Olympic Peninsula Washington - Exploring My Life

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Olympic Peninsula Washington

Olympic Peninsula in Washington

The Olympic Peninsula is the large arm of land in western Washington that lies across Puget Sound from Seattle, and contains Olympic National Park. It is bounded on the west by the Pacific Ocean, the north by the Strait of Juan de Fuca, and the east by Hood Canal. Cape Alava, the westernmost point in the contiguous United States, and Cape Flattery, the northwesternmost point, are on the peninsula. Comprising about 3,600 square miles (9,300 km2), the Olympic Peninsula contained many of the last unexplored places in the contiguous United States. 

Washington Olympic Peninsula Scenic Drive
Washington Olympic National Park
Sunrise Ridge Olympic National Park
Olympic Peninsula Washington
Olympic National Park

Olympic National Park Fun Facts 

·         Olympic National Park is a United States National Park located in the state of Washington, on the Olympic Peninsula.

·         Olympic National Park is the 7th most-visited National Park in America.

·         The park encompasses 373,383 hectares (922,650 acres) of land.

·         U.S. President Theodore Roosevelt originally created Mount Olympus National Monument on 2 March 1909.

·         It was designated a national park by President Franklin Roosevelt on June 29, 1938.

·         In 1976, Olympic National Park became an International Biosphere Reserve, and in 1981 it was designated a UNESCO World Heritage Site.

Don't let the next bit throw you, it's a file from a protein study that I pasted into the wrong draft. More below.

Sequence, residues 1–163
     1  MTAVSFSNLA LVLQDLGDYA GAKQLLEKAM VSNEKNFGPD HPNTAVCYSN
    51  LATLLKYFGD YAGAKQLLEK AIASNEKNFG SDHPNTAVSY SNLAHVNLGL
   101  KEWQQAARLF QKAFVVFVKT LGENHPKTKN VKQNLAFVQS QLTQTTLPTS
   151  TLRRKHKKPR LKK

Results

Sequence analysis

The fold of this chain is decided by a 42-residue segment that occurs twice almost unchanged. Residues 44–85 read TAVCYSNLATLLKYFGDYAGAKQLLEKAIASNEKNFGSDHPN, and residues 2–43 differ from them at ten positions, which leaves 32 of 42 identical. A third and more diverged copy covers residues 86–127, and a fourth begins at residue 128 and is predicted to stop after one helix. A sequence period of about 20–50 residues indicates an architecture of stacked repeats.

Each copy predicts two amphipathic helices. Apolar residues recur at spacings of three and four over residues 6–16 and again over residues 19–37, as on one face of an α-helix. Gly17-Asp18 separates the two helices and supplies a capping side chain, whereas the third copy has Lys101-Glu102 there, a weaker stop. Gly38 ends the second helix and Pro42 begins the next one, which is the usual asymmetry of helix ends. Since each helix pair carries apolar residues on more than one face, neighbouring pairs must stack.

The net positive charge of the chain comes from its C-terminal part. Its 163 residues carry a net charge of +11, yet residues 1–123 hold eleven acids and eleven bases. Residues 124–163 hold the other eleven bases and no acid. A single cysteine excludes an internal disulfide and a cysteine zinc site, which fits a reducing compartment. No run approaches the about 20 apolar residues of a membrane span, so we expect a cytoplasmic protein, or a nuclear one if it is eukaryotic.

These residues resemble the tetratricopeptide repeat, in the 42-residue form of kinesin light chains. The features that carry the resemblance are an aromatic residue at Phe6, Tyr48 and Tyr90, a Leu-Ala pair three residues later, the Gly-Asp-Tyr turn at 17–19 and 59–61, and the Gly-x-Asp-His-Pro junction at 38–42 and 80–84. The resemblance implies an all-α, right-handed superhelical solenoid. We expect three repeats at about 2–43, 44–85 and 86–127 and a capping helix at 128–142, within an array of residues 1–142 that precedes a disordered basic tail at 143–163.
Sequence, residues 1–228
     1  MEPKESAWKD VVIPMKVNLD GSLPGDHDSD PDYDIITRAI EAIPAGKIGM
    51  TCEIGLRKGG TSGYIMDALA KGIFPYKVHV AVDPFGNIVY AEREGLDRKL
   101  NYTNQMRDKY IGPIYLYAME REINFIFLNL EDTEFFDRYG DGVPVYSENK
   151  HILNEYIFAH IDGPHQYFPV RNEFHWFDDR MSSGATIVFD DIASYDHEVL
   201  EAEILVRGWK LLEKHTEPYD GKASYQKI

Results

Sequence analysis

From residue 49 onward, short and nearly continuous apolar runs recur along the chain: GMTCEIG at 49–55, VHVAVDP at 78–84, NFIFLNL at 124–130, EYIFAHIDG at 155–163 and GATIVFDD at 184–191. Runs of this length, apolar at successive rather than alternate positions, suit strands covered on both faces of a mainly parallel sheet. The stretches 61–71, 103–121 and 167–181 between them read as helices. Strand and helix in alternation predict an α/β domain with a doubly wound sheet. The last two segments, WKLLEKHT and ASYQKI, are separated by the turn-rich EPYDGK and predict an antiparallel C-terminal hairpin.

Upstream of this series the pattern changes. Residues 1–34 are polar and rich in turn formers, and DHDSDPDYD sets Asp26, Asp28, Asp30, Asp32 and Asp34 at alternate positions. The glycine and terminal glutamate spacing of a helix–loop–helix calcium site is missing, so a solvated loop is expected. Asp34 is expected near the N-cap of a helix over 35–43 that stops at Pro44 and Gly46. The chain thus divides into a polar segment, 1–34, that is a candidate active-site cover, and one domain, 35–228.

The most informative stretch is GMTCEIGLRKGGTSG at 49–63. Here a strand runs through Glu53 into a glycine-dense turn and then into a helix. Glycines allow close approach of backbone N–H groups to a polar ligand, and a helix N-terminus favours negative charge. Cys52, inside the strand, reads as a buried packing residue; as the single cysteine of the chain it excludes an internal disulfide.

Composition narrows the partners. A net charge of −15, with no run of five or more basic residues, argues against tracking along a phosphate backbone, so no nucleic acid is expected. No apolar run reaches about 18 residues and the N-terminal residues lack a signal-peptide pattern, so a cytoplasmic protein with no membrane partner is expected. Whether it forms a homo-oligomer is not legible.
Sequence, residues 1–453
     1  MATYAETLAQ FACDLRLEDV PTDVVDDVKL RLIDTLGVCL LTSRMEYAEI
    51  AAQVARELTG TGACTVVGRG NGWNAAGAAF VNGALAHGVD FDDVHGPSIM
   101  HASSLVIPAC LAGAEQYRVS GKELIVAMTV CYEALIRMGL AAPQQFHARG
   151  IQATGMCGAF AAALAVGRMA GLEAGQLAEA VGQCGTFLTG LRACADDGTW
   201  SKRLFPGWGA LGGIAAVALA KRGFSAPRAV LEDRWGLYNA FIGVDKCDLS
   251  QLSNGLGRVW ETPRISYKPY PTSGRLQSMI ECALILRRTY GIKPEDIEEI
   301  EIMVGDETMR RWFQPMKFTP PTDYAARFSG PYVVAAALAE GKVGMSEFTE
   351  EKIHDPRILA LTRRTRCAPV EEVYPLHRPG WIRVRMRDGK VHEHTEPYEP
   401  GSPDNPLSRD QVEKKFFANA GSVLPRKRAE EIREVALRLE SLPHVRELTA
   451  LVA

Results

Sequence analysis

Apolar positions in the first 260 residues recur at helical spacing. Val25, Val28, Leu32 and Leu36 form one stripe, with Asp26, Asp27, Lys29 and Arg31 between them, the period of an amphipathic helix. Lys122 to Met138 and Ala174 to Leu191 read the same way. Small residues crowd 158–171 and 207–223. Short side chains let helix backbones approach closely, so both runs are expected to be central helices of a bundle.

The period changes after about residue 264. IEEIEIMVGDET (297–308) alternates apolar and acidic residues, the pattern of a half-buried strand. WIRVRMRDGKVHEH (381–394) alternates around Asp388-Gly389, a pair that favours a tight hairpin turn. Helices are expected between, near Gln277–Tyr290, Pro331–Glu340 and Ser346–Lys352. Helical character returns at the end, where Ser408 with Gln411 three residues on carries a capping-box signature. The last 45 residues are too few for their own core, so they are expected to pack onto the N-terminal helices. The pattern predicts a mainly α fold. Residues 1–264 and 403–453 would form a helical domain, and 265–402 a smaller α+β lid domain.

·         In 1988, Congress designated 95% of the park as the Olympic Wilderness.

·         The park has four regions: the Pacific coastline, alpine areas, the west side temperate rainforest and the forests of the drier east side.

·         Within the park there are three distinct ecosystems which are sub-alpine forest and wildflower meadow, temperate forest, and the rugged Pacific Shore.

·         Within the center of Olympic National Park rise the Olympic Mountains whose sides and ridge lines are topped with massive, ancient glaciers.

·         The Olympic Mountains formed over 30 million years ago.

·         Mount Olympus which rises to 2,428 meters (7,965 feet) is the crown jewel of the Olympic Mountains. Standing high above the other summits, Mount Olympic is the center of the Olympic National Park.

·         The Hoh Rainforest is one of the largest temperate rainforests in the U.S. Always green, and almost always wet, Hoh Rain Forest is one of the most popular places in Olympic National Park.

·         The Quinault Rainforest is located in the valley formed by the Quinault River and Lake Quinault. The valley is called the “Valley of the Rain Forest Giants” because of the number of record size tree species located there.

·         Lake Crescent 4 hectares (10 acres) natural lake located at an elevation of 180 meters (600 feet) is a pristine area that provides visitors with an extraordinary place for recreation and relaxation.

·         Sol Duc Falls is an absolutely breathtaking Northwest waterfall. With lush greenery all around and rushing, pristine mountain water, and great hiking trails, it is a must-see destination!

Olympic National Forest
Hurricane Ridge Visitor Centre
Hurricane Ridge Ski Area
Hurricane Ridge Scenic Drive
Hurricane Ridge Road Scenic Drive
Hiking at Hurricane Ridge

Just a one trip to Olympic park and forest, offers with several diverse environments across the Olympic Peninsula in northwestern Washington. Be inspired to see the glacier-capped peaks, valleys of forests, hot springs, and rugged Pacific coastline. Olympic National Park offers outdoor adventures, cultural experiences and serene, natural splendor. It has several distinctly different ecosystems, including glacier-capped mountains, old-growth temperate rain forests, and over 70 miles of wild coastline.

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